But then, shameful behaviour is becoming routine for the Bushies. Tom DeLay’s using a children’s charity to do an endrun around the soft-money financing laws; Billy Tauzin and Pete Domenici got a so-called “energy bill” passed which is little more than a gift package of protection from lawsuits, yet more tax breaks, and obscene subsidies to the oil and gas gang; and the Publican Congress as a whole is busy “supporting our troops” by cutting their pay, benefits, and health care, and making them buy their own equipment.

Make you proud to be an American, don’t they?

Judge Roy Beaned

A woman named Mary Schulken who is the editorial page editor for something called the Greenville Daily Reflector (good name for a paper) does some reflecting on Judge Roy Moore in a guest editorial in today’s AJC. It’s worth reading both for what it says and the clarity in the way she says it. It ends:

When a judge flaunts the law and wraps that act in God, it tells us what we need to know. The controversial slab of granite in Alabama is nothing more than a monument to arrogance.But when he becomes a folk hero, it suggests a perilous ignorance of the fundamental principle that safeguards religious freedom in America. For the good people who measure the worth of their souls by the Ten Commandments, those words are a source of constant hope and inspiration.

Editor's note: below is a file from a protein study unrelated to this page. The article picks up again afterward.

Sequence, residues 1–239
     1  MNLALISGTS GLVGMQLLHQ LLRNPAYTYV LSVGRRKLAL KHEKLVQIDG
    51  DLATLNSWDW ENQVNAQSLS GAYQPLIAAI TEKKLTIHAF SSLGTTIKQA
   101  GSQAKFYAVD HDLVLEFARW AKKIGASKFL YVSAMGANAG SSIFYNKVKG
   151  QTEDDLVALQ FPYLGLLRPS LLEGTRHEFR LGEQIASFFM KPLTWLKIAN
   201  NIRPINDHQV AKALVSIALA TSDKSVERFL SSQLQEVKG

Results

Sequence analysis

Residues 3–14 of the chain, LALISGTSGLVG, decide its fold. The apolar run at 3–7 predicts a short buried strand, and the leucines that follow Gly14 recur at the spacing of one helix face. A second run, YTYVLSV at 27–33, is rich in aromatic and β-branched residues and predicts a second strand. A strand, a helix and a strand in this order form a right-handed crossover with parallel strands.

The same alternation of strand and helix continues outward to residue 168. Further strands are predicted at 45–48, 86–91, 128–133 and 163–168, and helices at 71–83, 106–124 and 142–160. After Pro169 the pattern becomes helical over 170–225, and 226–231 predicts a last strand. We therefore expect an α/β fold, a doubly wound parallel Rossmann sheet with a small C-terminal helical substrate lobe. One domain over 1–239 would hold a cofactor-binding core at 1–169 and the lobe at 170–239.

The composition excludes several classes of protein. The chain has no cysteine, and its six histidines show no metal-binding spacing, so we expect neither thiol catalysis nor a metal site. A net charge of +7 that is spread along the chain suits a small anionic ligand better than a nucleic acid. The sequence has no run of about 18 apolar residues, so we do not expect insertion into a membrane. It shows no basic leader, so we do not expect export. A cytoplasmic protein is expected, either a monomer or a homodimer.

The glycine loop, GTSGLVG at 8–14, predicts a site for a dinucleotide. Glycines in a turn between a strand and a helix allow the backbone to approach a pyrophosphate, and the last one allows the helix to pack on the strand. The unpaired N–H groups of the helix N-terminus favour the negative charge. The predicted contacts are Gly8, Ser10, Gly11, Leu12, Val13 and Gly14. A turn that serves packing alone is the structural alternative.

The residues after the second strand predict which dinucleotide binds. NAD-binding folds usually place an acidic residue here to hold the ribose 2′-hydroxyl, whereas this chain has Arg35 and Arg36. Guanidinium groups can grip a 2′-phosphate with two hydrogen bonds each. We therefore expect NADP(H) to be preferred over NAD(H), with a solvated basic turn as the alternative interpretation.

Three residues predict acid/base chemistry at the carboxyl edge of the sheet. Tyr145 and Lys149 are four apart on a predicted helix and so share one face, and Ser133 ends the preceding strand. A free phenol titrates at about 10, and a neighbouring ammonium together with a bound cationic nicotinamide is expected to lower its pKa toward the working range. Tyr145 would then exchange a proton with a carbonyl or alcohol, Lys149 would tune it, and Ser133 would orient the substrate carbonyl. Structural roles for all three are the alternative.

Yet freedom of worship requires more than the vigorous practice of one’s own faith. It demands, without fail, we exercise respect, tolerance and sensitivity toward differing beliefs.

Those acquainted with the teachings of Jesus Christ recognize that philosophy.

“Whatever you wish that men would do to you, do so to them,” he says in the book of Matthew.

Funny, Judge Roy Moore didn’t say anything about that

James Madison couldn’t have said it any better.

Addendum: I posted the above before reading the other editorials, and look what else I found: a smart, acidic take on Moore and other Christian theocrats written by a Georgia high-school senior, JC Boyle. Here’s a sample: